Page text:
In its role as a production center for the protein structure initiative, the JCSG developed a high-throughput structural platform providing rapid structure determination on a range of targets from bacteria to human. That includes challenging proteins, such as membrane proteins, eukaryotic proteins, and protein-protein complexes.
During the first phase of the grant, the JCSG group explored the use of robotic technology with resources at GNF and Syrrx, a San Diego company founded by Scripps Research Professors Peter Schultz and Raymond Stevens and later acquired by Takeda Pharmaceutical Company.
But when the second phase of the protein structure initiative began last year and the JCSG was selected as one of only four key centers for the next stage of the NIH effort, the team began to consider a dedicated robotic facility for its research.
Also in 2005, in collaboration with the Vaccine Research Center in Washington, DC, the Wilson lab solved a difficult structure relating to the effort to create an HIV vaccine. "We found that robotic crystallization was useful for difficult projects in gp120, which is the major surface antigen of HIV," says Wilson.
Because of its potential in this arena, the International AIDS Vaccine Initiative, which is headed by Scripps Research Professor Dennis Burton, threw its support behind the creation of a robotic facility on the Scripps Research campus.
With the backing of the International AIDS Vaccine Initiative, the JCSG, and The Scripps Research Institute, plans for the robotic crystallization facility were propelled forward.
The search for the right machine began.
A bidding process was conducted in conjunction with an outside consulting firm. After looking at the proposals, the Scripps Research team selected a Carlsbad company called RoboDesign (since acquired by Rigaku/MSC, Inc.) to provide the new system.
"Robodesign offered a fully integrated project," says Research Programmer Marc-André Elsliger of the Wilson lab, who manages the JCSG's Administrative Core. "We didn't have to buy components from different vendors and worry about having them work together."
The company collaborated with the researchers to redesign components for their needs. After many months of development, RoboDesign had produced what company personnel consider a model system, called CrystalMation. The machine, one of the largest of its kind, has storage capacity for 4,000 plates at up to six different temperatures as well as fully automated imaging, scheduling, and analysis software.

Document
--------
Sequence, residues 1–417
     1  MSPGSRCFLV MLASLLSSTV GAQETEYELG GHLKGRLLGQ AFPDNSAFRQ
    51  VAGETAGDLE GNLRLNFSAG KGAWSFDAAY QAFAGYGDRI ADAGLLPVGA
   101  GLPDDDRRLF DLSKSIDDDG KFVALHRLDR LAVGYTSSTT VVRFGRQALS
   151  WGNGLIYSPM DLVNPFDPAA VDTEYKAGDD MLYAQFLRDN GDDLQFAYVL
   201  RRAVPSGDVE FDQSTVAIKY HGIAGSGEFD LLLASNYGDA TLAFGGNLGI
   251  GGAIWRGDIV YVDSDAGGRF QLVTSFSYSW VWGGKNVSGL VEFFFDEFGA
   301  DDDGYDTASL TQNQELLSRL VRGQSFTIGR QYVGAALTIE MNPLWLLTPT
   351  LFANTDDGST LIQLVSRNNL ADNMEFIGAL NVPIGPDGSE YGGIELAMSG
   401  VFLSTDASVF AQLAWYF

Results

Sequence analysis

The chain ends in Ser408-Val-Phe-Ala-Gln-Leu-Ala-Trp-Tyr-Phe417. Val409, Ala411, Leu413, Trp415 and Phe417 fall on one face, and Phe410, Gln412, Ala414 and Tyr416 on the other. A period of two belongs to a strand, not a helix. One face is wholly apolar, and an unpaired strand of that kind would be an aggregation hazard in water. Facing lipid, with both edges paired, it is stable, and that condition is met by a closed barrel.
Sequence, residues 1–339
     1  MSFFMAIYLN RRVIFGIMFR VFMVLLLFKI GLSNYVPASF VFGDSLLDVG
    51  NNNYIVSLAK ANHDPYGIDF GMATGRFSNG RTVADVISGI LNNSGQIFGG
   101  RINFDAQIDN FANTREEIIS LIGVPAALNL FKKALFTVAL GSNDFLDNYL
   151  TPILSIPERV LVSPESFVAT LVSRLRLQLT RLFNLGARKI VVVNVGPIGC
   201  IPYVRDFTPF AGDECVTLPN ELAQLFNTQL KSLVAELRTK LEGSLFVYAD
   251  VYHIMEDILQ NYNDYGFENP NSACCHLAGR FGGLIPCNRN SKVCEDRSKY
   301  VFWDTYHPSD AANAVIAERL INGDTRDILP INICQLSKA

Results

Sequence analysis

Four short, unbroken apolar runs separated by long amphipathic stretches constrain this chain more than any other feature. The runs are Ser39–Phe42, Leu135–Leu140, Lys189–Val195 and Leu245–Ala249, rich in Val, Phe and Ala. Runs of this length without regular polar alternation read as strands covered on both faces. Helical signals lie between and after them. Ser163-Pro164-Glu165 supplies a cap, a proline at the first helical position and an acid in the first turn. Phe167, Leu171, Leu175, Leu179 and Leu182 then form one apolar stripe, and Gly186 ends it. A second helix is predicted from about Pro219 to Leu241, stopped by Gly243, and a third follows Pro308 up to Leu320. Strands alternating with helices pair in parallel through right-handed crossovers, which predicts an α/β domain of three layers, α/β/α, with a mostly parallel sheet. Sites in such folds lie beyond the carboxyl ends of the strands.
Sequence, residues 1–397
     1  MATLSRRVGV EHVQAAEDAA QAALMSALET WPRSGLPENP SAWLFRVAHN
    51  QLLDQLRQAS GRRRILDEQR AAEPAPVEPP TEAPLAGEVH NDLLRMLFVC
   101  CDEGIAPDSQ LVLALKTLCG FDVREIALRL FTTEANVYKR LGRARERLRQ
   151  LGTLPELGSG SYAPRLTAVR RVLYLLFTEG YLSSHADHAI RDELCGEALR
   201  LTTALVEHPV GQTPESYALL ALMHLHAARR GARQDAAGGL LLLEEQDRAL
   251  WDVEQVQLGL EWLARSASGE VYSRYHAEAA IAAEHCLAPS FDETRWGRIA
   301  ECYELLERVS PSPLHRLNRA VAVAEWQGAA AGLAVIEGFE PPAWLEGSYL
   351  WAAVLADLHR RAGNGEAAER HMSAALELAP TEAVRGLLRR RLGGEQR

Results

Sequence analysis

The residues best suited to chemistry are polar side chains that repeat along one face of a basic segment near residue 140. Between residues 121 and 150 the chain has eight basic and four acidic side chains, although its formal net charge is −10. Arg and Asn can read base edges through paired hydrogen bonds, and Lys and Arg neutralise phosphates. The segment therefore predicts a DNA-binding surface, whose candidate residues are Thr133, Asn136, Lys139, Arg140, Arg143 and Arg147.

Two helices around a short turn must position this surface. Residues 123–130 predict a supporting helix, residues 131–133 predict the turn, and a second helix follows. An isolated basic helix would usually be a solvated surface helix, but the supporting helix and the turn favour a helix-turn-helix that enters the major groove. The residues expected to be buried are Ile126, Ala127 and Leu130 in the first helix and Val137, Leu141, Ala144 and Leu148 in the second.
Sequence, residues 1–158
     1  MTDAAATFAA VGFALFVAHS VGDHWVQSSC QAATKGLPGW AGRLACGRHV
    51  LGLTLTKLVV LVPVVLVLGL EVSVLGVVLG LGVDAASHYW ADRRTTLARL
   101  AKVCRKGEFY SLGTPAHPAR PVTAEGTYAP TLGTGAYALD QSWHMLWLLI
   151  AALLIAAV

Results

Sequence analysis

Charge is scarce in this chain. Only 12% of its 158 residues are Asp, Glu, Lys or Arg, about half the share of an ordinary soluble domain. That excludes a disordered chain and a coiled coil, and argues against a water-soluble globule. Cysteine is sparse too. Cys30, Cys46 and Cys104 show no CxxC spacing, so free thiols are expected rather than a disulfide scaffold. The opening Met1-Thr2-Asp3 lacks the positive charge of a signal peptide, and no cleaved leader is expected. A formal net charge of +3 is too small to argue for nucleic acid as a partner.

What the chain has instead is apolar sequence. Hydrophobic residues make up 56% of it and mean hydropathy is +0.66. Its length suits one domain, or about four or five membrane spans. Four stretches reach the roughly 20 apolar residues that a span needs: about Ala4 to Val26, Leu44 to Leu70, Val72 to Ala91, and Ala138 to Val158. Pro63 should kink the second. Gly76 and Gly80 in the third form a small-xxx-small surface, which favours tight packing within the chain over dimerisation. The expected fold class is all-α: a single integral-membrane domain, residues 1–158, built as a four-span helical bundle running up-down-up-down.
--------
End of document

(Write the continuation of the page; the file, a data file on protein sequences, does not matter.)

While the machine was being developed, the building at 3040 Science Park Drive was being prepared to house it.
"We installed vibration control, dust control, temperature control, humidity control, water control—and a lot of power," says Scripps Research Planning and Construction Project Manager Ron Jenkins. "We also made a special effort to make the robotic room bright and uplifting, since the machine will be used as a showpiece."
The 3040 building will also include offices, labs, and several conference rooms to facilitate collaboration within the JCSG, among different protein structure initiative centers across the country, and with other research groups. Once the remaining facilities are completed in August, Scripps Research Assistant Professor Scott Lesley, who heads the JCSG's Crystallomics Core, will be among those located in the building.
While robotics facility collaborations are already in the works with many campus groups, other collaborations with Scripps Research teams are in the process of coming together, for example with Professor James Paulson's Consortium for Functional Glycomics. Scripps Research investigators interested in the facility are encouraged to contact Wilson, firstname.lastname@example.org, or Elsliger, email@example.com.
In the meantime, Wilson and his colleagues have prepared their first samples for the new machine and eagerly await the results.
Send comments to: mikaono[at]scripps.edu